Meet Jen and Kevin Burke and their sons Emmett and Logan. They’re renovating a 1800s row house in the heart of McGinley Square, an area they’ve fallen in love with.
The Burkes have been Jersey City locals since 2004 when they moved into Harsimus Cove, back when their block had an escort service and a true biker bar. “I still haven’t met the author of the laminated sign that requested the ‘poop scooping Starbucks drinking yuppie scum that moved to Jersey City to please go back to Hoboken,’” said Jen of their old stomping grounds.
They immediately fell in love with Jersey City, the community and the neighborly vibe. Eventually though, the Burkes expanded their family and they had to move on from their Harsimus Cove home in 2013. But last year they embarked on the daunting, exciting, rewarding, labor of love task of renovating a deserted row house in McGinley Square.
What made you choose McGinley Square?
“Honestly we were very unfamiliar with it, I don’t even think we had ever heard the term ‘McGinley Square’ – we were just looking all over Jersey City and as everyone knows, the prices are insane,” said Kevin.
“This was the roughest house on the block. There was a squatter living here and the floor was completely littered with empty liquor bottles, drug baggies, couch cushions and porn magazines,” Kevin said.
“We’re both first generation Irish immigrants. My father in law has been renovating houses for 40 years, he apprenticed as a carpenter when he was 12 or 13 years old,” explained Kevin, so needless to say “we’re less phased by construction work than most people. It’s to my benefit and my detriment that my family thinks we can do everything ourselves.”
What it came down to was that “this was the house we could afford and we thought we could do the work. We enjoy it… to a certain extent,” said Kevin.
“It was from there that we discovered what a great neighborhood this is.”
Tell me about the beginning of your renovation:
The Burkes purchased their row house in July 2016 but the squatter situation immediately proved to be more tricky than they anticipated.
“There was a guy actively living here,” said Kevin, “and instead of using the bathroom in the backyard, he would just clog the toilets.” Kevin explained that the first few weeks of renovations was “a lot of biting your tongue and shoveling.”
Then came the flea infestation that took two months to remedy. “You’d walk downstairs and feel them jumping on you,” said Kevin.
How much of the work have you done yourself?
“I did all the interior renovations except for the trades like plumbing, electrical and HVAC, which was all done by local contractors” said Kevin. “But we were here stripping the floors and dry-walling. We changed the layout and added a level. It was fun… but I’m glad it’s over.”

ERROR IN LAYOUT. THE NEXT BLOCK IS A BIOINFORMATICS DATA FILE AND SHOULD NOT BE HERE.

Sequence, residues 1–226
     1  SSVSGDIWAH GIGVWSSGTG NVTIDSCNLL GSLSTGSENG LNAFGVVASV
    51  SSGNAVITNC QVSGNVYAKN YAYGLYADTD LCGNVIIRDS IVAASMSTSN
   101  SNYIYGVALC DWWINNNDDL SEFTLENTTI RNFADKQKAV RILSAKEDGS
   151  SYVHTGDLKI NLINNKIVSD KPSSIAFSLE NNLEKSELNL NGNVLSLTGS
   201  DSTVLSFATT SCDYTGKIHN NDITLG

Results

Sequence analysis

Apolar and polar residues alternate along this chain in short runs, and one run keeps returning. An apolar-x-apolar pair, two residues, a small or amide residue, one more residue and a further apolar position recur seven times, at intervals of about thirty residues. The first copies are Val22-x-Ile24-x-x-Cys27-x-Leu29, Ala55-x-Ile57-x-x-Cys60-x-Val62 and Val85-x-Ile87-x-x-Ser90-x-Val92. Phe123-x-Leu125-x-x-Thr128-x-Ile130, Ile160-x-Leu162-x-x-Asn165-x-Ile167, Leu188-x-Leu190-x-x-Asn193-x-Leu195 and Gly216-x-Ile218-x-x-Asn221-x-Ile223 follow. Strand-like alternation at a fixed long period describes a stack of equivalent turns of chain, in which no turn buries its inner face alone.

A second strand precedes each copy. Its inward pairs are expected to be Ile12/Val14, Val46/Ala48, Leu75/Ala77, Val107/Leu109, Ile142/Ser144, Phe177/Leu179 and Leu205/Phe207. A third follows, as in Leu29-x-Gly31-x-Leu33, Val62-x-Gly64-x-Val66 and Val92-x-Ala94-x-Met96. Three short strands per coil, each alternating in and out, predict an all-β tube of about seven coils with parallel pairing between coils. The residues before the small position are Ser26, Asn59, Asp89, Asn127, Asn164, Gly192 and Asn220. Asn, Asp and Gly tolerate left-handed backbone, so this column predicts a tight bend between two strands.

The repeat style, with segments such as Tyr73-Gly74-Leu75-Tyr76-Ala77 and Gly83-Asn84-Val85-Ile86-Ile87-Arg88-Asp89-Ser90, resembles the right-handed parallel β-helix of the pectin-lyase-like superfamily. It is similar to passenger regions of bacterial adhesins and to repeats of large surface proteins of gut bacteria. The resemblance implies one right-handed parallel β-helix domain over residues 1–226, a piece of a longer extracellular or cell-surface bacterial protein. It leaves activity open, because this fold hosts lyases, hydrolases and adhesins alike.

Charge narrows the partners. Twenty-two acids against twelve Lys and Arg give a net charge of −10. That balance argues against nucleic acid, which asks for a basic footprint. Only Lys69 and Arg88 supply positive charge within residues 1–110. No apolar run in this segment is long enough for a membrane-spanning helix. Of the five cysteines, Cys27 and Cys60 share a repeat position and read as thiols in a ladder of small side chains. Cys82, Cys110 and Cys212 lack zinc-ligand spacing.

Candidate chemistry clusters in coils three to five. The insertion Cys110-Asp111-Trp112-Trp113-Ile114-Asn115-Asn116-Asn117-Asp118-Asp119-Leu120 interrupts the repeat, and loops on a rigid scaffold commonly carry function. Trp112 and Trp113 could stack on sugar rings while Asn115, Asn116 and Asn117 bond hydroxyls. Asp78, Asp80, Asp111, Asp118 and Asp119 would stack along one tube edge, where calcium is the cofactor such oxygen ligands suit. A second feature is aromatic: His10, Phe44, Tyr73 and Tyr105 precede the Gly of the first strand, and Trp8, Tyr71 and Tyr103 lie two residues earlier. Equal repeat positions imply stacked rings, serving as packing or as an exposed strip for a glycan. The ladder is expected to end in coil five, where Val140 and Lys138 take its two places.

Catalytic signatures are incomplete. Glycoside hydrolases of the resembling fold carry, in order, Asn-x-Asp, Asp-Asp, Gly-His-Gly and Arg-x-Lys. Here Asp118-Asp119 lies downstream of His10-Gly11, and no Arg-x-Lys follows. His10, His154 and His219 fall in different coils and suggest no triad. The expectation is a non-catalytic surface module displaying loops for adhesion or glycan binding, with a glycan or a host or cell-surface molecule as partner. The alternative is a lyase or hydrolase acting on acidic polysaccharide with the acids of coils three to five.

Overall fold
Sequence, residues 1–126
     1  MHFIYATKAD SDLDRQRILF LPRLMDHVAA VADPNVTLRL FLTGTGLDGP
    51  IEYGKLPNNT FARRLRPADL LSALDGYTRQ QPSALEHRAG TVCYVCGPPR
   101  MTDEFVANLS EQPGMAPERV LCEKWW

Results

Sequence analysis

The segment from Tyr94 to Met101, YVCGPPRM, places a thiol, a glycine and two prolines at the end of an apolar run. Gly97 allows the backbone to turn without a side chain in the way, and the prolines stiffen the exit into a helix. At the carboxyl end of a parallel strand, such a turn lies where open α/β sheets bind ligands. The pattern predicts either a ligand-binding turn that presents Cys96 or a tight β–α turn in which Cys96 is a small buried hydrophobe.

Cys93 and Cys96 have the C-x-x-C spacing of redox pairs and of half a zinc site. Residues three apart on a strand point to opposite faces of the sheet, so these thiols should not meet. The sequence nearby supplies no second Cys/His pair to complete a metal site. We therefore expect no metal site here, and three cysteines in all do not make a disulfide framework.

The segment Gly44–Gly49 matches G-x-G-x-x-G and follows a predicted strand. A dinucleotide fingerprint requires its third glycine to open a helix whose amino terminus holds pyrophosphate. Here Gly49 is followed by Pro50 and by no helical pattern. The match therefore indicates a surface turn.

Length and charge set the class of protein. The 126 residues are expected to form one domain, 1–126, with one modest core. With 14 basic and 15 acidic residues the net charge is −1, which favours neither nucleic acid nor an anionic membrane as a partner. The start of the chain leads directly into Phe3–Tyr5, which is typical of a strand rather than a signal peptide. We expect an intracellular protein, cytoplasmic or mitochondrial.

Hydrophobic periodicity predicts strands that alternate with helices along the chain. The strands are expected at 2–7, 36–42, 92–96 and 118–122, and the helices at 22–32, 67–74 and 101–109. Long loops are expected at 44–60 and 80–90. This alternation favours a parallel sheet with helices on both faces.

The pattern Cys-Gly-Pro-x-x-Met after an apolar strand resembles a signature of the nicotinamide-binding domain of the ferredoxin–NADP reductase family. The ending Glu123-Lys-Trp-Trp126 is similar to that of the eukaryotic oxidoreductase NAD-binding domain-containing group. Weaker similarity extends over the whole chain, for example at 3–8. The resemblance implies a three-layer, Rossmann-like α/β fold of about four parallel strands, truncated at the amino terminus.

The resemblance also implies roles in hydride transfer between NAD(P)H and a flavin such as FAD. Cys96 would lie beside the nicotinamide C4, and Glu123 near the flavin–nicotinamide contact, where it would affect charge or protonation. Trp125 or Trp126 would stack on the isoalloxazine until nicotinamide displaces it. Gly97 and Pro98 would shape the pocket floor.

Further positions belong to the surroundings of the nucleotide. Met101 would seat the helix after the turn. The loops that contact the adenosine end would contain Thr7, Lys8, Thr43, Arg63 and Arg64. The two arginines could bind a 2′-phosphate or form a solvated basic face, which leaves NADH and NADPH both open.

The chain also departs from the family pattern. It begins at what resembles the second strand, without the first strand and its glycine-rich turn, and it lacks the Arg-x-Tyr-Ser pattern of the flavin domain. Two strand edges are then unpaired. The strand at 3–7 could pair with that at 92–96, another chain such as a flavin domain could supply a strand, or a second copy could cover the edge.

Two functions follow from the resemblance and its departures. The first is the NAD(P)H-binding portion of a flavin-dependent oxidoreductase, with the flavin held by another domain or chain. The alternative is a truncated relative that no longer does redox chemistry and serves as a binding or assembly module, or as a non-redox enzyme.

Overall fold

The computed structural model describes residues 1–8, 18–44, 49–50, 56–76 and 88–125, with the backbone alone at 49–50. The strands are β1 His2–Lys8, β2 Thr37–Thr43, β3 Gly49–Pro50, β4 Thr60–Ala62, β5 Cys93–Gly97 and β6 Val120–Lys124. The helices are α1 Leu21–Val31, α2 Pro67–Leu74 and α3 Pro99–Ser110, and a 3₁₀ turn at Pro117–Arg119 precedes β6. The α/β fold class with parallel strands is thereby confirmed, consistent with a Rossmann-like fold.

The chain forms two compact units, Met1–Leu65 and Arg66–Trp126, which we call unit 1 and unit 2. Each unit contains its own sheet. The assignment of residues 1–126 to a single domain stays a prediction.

Tell me about some of the things you uncovered during renovations:
“The contractors found a gun from the 1920s in the walls,” said Kevin. “I didn’t even know if it was real at first. It was heavy but covered in a cheap aluminum.”
“A friend advised me to take it to the police so I brought it down to the station in a brown paper bag,” explained Kevin. But the mood switched as soon as he told the front desk he had carried an unlicensed fire arm into his local precinct.
Lieutenants came down with handguns out to take him to the back room and he immediately thought “this was a bad idea. Am I going to be asked a few questions or am I going to be locked up?” thought Kevin.
“Sure enough, we learned that one of the original owners of the house had a license for a handgun in the 1920s,” said Kevin. They decommissioned the gun at the station but Kevin had dreams of putting it into a shadow box frame and hanging it as a conversation piece. “When I asked the officers what my chances were of getting the gun back, they just told me to get out of there,” said Kevin.
They also uncovered hidden dumb waiters and newspapers from the 1950s that were used as wall insulation.
Tell me about some of the interesting details of the house:
“We salvaged all the giant pocket doors and cast iron hinges that we could,” said Kevin. We also refurbished the original heart pine flooring.”
“You can see the history of building construction and fire code evolution in this house,” said Kevin. “All the corner pieces have tenon and groove joists, sort of like an Amish barn, and the house was built was dimensional lumber 2x4s.”
“There a time period where they went from hand-hewn timbers where you can see the axe marks to dimensional lumber where a 2×4 was actually two inches by 4 inches to now where it’s nominal so a 2×4 is an inch and a half by three and a half.
Another interesting quality of the house is that “in the 1800s they used to do balloon framing, where the four corner studs would go all the way up the height of the house,” said Kevin. But “the fire codes have changed since then and now houses are required to install band joists (a board that caps off a floor stud) to delay fire from traveling upwards as quick as it did when it was all one piece of wood.”
What do you love about McGinley Square?
“We are finding that sense of community in our new house in McGinley Square,” said Jen. “We are back into the old groove. Everyone says hello and stops to chat, even if they don’t speak your language [and we have a] neighbor growing 80% of his produce in his backyard. New places are starting to open up [including] two new bike shops, the best pawn shop I have ever window shopped in, a handmade chocolate store, Venezuelan cuisine, Uzbeki cuisine, and a jazz bar. McGinley Square used to be the most desirable part of Jersey City and I think we will be getting back to that very soon!”
“Everyone is really friendly and the local bartender has great stories about Jersey City politics,” said Kevin. “That’s not what necessarily drew us in the first place,” said Kevin, “it’s what we discovered afterwards. This was a happy accident for us.”
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